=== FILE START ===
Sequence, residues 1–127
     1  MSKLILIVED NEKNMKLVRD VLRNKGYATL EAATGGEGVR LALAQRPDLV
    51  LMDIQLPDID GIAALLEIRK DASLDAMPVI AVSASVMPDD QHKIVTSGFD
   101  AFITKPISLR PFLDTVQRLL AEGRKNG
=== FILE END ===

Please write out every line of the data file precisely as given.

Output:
Sequence, residues 1–127
     1  MSKLILIVED NEKNMKLVRD VLRNKGYATL EAATGGEGVR LALAQRPDLV
    51  LMDIQLPDID GIAALLEIRK DASLDAMPVI AVSASVMPDD QHKIVTSGFD
   101  AFITKPISLR PFLDTVQRLL AEGRKNG